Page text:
About GPS


  • GPS stands for Global Positioning System. GPS was developed by the U.S. Department of Defense as a precise navigation system for military applications, but has since been opened up to the public.
  • Twenty-four GPS satellites orbit the earth, constantly emitting radio signals. The satellites are positioned in space so that at least four are visible from any point on earth, at any time. These satellites are the foundation of GPS. Because these GPS satellites constantly “rain” signals down on the earth, anyone with a “bucket” or GPS receiver can “catch” them. Three people could have GPS tracking devices or three billion. It makes no difference.
  • A GPS receiver needs to “know” where the satellites actually are in order to calculate the receiver’s location. This isn’t particularly difficult because the satellites travel in very high and predictable orbits. The GPS receiver simply stores information regarding the satellites’ position at any given time. Things like the pull of the moon and the sun do change the satellites’ orbit very slightly but the Department of Defense constantly monitors their exact positions and transmits any adjustments to all GPS receivers as part of the satellites’ signals.
  • When a GPS receiver locates and “catches” GPS signals, it measures how far away it is from each of at least four separate satellites. By calculating several locations over time, the GPS receiver can also compute speed and direction of travel.
  • ABK Tracking takes this technology several steps further by combining communication networks, both landline and wireless, with web-based management software. The company also incorporates several sub-systems to detect, record and report non-compliance and any attempts at monitoring circumvention.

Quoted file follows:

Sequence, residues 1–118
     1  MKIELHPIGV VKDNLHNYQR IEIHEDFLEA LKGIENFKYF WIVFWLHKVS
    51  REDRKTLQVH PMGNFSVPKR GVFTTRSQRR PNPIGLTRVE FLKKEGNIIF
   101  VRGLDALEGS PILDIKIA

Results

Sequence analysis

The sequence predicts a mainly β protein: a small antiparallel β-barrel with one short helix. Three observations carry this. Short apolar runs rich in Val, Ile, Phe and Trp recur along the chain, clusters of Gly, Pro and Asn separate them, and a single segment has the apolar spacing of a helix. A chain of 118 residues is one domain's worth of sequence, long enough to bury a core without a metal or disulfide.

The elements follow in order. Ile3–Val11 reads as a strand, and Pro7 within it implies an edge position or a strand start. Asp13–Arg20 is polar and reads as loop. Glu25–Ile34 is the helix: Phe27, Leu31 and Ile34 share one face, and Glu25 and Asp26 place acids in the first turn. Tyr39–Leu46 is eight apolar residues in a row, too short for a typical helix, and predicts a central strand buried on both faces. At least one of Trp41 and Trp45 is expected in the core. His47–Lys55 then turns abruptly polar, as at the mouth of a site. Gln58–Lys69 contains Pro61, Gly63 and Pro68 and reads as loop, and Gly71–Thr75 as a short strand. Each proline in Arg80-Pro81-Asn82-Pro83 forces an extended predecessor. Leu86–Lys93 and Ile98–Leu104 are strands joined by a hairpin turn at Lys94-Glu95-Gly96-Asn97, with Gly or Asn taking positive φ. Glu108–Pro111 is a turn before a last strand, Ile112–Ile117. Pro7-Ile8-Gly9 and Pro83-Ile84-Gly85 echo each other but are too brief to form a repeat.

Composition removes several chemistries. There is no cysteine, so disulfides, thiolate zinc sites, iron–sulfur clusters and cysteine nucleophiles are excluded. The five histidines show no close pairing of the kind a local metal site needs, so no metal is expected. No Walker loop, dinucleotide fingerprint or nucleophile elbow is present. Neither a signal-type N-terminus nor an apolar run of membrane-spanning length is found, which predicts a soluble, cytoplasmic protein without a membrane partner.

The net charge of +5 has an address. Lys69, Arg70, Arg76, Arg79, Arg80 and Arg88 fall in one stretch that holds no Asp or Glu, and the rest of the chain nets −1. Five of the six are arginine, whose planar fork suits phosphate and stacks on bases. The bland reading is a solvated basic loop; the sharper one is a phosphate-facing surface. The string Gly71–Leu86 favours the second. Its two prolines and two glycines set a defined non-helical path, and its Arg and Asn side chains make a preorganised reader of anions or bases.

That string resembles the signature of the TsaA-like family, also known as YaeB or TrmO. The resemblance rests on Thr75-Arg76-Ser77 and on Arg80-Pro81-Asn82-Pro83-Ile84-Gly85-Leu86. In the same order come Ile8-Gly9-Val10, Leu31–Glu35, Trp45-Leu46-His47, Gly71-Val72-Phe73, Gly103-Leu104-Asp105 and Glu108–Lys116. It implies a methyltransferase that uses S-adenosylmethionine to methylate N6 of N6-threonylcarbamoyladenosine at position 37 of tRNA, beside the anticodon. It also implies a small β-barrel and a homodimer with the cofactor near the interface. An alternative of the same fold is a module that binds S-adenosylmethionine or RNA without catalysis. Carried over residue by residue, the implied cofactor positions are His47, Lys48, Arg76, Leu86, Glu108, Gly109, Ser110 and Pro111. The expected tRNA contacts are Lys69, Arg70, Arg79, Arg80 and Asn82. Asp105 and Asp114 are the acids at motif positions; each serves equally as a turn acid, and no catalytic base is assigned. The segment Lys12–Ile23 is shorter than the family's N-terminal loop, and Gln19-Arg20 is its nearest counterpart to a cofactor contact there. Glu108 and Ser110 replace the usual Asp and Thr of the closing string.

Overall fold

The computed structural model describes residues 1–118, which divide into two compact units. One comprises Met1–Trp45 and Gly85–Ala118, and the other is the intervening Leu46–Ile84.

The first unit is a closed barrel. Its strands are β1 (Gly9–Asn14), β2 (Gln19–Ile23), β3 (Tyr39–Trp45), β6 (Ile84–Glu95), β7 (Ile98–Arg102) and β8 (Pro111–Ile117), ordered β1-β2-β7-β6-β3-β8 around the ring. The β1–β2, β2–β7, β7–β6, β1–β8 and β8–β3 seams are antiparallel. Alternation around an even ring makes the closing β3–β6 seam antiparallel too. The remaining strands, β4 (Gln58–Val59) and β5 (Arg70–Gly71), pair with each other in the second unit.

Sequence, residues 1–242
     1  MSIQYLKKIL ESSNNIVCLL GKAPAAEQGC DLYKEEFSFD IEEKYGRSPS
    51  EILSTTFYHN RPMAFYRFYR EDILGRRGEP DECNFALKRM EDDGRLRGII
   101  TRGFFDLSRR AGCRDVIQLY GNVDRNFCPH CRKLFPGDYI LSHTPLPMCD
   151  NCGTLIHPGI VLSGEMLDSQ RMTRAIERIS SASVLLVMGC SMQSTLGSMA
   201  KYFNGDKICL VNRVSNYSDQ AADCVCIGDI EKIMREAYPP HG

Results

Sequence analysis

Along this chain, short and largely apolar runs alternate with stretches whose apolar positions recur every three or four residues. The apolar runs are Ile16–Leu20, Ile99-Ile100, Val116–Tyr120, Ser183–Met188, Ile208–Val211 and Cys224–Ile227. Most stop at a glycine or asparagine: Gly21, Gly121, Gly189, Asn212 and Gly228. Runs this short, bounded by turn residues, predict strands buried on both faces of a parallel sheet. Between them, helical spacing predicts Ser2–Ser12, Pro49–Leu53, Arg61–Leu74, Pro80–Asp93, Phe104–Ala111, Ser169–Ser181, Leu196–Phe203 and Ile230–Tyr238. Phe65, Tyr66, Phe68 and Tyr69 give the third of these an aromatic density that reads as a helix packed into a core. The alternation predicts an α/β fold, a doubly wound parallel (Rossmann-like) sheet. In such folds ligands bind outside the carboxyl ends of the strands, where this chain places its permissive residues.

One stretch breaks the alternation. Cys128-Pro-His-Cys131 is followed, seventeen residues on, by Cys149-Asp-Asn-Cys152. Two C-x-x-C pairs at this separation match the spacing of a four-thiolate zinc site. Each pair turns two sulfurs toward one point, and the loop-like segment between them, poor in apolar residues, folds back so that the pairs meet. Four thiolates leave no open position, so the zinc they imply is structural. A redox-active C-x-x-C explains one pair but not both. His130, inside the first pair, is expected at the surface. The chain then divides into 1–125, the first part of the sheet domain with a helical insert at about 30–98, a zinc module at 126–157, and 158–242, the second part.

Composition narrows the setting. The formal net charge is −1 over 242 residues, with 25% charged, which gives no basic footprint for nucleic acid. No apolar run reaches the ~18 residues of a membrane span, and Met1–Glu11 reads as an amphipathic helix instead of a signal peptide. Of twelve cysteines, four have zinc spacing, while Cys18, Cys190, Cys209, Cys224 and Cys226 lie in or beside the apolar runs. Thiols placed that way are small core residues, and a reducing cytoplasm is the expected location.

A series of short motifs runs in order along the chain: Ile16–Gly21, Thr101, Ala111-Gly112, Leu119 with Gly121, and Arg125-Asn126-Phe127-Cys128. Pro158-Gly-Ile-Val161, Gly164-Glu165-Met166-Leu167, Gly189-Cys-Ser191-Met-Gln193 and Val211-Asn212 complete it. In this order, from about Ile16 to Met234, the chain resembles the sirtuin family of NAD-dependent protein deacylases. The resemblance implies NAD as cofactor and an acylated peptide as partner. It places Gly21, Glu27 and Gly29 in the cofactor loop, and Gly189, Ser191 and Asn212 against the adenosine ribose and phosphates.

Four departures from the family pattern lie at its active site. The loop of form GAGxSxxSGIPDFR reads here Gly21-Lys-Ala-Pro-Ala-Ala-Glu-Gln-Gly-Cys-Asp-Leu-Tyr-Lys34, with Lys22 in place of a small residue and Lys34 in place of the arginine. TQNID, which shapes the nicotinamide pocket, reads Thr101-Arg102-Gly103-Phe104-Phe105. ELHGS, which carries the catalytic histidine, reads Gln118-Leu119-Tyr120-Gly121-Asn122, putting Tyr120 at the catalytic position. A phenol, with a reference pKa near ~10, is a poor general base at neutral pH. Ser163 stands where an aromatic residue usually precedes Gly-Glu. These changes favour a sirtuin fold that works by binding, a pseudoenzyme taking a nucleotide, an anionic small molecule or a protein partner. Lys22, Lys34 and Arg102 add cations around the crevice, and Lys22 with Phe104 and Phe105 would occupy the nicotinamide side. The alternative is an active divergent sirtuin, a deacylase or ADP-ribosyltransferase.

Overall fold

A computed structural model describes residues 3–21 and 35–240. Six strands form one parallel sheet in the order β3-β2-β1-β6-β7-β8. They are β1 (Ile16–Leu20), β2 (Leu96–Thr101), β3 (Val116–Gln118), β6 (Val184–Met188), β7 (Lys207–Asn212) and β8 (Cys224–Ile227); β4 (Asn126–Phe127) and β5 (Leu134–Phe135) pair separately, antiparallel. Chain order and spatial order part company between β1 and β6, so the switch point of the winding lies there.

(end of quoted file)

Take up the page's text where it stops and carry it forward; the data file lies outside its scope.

• ABK Tracking GPS systems record location points several times a minute. These devices contact the ABK Tracking monitoring center at regular intervals and “tell” ABK Tracking computers where the monitored individual is, where he’s been since the last contact and whether or not he is in compliance with pre-established supervision parameters. Supervising officers can also create geo-fences or boundary zones where the individual is prohibited from going (e.g., elementary schools, spouse’s residence, known gang hangouts, etc.) or where his presence is required (e.g., his residence, place of employment, counseling offices, etc.). These boundary zones are more commonly referred to as inclusion or exclusion zones. If the offender violates these zones, the supervising officer can elect to be notified.
  • ABK Tracking utilizes a one piece GPS system which is comprised of an ankle bracelet.
  • ABK Tracking’s GPS systems consistently take, compute and store multiple tracking points every minute, not just when the individual is in a violation status. These stored points are complete with time/date stamps and velocity information. This is extraordinarily useful when the monitored individual is in an automobile and can change location, speed and direction in less than 60 seconds. Systems from other companies may take a single point as infrequently as once every 10 minutes.
  • The more often the system takes points, the fewer and the smaller the gaps in tracking data. This is particularly true when the offender is in an area with spotty cellular coverage and the system relies upon Assisted GPS. However, it’s also true when the offender is traveling through areas where buildings, tunnels, bridges and other obstructions along the route are likely to block GPS satellite signals. The savvy offender may be able to take advantage of systems that track infrequently or those more likely to miss tracks – creating a tracking history that provides far less certainty about offender behavior than systems that record tracks frequently and are less subject to “missing” tracks.

In addition, storing multiple points every minute provides necessary detail on the location and movement of high-risk individuals, including the direction and speed of travel. With more points, it’s easier to more accurately discern patterns of travel and travel routes. If there is a deviation from a firmly established pattern, it may warrant further investigation by the supervising officer.

  • Dependable, consistent tracking performance when in or out of cellular coverage.
  • More tracks, less gaps.
  • The fastest “Immediate Alerts” in the industry.
  • Immediate offender warnings and acknowledgements with or without cellular coverage.
  • In the absence of cell coverage, reporting of participant status and tracking data through a traditional land-line or when the program participant is back within cell coverage.